Examination of the Asset Growth Anomaly

A related paper has been added to:

#52 – Asset Growth Effect

Authors: Prombutr, Phengpis, Lam

Title: Anatomy of the Mispricing Theory: Evidence from Growth Anomalies

Link: http://papers.ssrn.com/sol3/papers.cfm?abstract_id=2746998


This paper investigates corporate growth anomalies in asset pricing from behavioral perspectives. Cross-sectional analyses indicate that a long-term 3-year investment growth is statistically significant in explaining subsequent stock returns, but the first 1-year growth that is closest to the formation is priced by investors the most, followed by the second and third ones, monotonically. We find that the evidence is driven by myopic mispricing in that investors tend to put more weights on recent information since the evolution of the firm’s prospects around the formation year consistently shows that the growth closest (farthest) to the formation has the most (least) severe mispricing. Further investigations show that the mispricing evolution is directly amplified by limits to arbitrage and that benchmark-adjusted returns on short positions are affected more than those on long positions. However, the farther growth is less sensitive to the limit-to-arbitrage because of the extrapolation is myopic. The asset growth anomaly also shows the same pattern as the investment growth anomaly.

Notable quotations from the academic research paper:

"With respect to the extrapolative mispricing theory, we hypothesize that the growth effect cannot happen without mispricing. The growth premium coincides with the disappointment from extrapolating the firm’s prospects into the future. Along with the extrapolative mispricing theory, we investigate two additional behavioral theories: limits to arbitrage and arbitrage asymmetry. We realize that rational and behavioral theories cannot be differentiated (See Lin and Zhang, (2013)) because the characteristic-based factor models are linear approximations of investment returns. Hence, if the three behavioral theories (extrapolative mispricing, limits to arbitrage and arbitrage asymmetry) are connected and contemporaneously supported by the data, our paper will strengthen the validity of behavioral explanations without disapproving the rational q-theory.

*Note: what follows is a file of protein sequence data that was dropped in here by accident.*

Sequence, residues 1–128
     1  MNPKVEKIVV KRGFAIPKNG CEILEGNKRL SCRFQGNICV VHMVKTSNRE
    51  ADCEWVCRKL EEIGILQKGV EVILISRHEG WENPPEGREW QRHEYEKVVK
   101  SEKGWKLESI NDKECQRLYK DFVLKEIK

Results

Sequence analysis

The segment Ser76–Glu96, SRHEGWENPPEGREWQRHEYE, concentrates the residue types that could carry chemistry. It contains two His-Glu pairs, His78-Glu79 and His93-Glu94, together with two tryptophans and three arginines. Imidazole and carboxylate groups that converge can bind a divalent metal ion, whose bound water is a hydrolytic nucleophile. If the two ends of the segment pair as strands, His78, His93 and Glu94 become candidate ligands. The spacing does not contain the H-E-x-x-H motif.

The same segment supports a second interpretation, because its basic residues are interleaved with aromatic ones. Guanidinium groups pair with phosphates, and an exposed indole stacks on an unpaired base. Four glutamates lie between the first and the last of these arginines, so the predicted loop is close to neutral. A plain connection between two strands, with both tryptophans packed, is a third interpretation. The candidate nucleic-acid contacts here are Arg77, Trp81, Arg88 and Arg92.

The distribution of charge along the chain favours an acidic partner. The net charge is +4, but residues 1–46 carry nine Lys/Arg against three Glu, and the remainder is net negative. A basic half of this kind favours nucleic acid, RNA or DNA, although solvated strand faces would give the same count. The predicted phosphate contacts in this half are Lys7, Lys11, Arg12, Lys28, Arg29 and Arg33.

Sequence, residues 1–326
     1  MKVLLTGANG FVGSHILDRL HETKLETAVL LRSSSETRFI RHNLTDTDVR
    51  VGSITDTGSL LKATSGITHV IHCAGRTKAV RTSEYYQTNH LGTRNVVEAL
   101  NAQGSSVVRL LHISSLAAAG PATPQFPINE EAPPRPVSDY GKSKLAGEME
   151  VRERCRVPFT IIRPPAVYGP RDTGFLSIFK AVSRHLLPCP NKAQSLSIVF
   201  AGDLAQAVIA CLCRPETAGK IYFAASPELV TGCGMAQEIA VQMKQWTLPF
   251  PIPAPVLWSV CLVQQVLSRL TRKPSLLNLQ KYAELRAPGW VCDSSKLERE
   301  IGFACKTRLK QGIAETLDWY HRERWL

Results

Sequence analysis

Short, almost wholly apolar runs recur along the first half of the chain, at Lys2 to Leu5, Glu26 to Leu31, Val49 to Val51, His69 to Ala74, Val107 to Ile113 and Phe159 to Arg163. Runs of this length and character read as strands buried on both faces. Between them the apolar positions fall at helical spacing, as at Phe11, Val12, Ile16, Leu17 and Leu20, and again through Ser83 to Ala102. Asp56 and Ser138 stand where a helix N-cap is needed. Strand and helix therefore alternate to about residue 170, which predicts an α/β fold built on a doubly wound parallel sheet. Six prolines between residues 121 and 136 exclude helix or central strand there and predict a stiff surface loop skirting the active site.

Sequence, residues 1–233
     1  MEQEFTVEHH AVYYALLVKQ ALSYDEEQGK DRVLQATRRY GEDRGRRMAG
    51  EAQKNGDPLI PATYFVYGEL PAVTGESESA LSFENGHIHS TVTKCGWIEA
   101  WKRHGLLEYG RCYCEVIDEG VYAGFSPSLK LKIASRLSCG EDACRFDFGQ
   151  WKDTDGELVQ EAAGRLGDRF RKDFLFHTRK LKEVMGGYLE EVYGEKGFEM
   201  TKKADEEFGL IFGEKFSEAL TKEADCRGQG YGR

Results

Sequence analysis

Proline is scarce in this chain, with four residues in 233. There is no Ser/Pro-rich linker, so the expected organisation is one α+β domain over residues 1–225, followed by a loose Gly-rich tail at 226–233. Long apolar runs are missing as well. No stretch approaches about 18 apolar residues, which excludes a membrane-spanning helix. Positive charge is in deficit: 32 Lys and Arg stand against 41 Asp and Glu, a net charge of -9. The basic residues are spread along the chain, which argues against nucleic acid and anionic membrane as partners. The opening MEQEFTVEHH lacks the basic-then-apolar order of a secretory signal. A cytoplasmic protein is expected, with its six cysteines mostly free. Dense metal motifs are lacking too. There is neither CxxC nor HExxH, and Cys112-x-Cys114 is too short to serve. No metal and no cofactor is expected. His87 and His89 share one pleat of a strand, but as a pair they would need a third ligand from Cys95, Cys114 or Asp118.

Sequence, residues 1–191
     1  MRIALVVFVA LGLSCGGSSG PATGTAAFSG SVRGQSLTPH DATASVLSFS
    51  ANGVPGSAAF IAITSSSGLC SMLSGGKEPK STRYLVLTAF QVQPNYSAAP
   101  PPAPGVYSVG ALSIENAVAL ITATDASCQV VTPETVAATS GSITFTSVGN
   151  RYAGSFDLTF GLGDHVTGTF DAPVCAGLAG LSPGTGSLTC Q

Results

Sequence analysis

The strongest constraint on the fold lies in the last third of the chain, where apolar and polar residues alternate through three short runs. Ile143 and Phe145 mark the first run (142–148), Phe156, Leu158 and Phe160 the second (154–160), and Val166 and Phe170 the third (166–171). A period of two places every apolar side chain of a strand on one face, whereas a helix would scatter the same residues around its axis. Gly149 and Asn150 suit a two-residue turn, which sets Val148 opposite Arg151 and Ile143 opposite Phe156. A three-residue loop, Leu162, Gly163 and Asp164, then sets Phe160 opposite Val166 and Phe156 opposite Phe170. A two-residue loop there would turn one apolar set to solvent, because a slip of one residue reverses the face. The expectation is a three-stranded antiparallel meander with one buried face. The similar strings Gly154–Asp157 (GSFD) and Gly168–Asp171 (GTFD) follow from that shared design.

Importantly, in this paper, we expand an investigation into the growth anomaly by decomposing the growth measures. We decompose a long-term 3-year growth measure into three consecutive short-term 1-year growth measures based on the concept of term structure. With this decomposition, we can do several anatomy tests on the corporate growth anomaly. The anatomy tests along with the evolution of mispricing and returns should be able to show more clearly if predictions of the above three behavioral theories are consistent with empirical evidence. Prior studies have not decomposed long-term growth measures into short-term components or investigated the three behavioral theories concurrently.

We find, based on cross-sectional regressions, that the explanatory power of the 3-year long-term growth (IG13) on stock returns is statistically significant and actually comes from its most recent 1-year growth component (IG1, one year closest to the formation period). The farther 1-year growth components (IG2 and IG3, two and three years away from the formation period, respectively) show monotonically diminishing explanatory power. These results indicate short memory of investors which are consistent with the myopic theory from the behavioral perspective. Cognitive biases such as representativeness state that investors tend to put too much weight on recent information (Kahneman and Tversky, 1974). Combining the myopic theory with the mispricing theory that investors extrapolate too much into the future about firms’ prospects and valuations for high and low growth firms, more severe extrapolative mispricing should exist closer to the portfolio formation year than farther distant years.

We empirically find that (1) long-term growth (IG13) demonstrates less extrapolative mispricing around the formation year than short-term growth that is measured right before the formation year (IG1), (2) compared to the IG1, the farther 1-year growth measures (IG2 and IG3, two and three years away from the formation period) show monotonic decreases in mispricing around the formation year, and (3) return performances associated with these growth measures show patterns that are consistent with the degrees of mispricing described in (1) and (2). Combined with the above cross-sectional regression findings, these results strongly suggest that the investment growth anomaly can be explained by the extrapolative myopic mispricing theory.

All of the above tests are redone using asset growth measures instead of investment growth measures. The results are similar and in fact even more pronounced. In sum, we conclude that the investment or asset growth effect is associated with mispricing. The mispricing is short-lived, so a long-term 3-year growth has the most severe mispricing near the formation year. Additionally, limits to arbitrage lead to more severe mispricing and a short position is affected more than a long position. However, the mispricing evolution tends to be less pronounced when the farther growth measures are used since investors are myopic."

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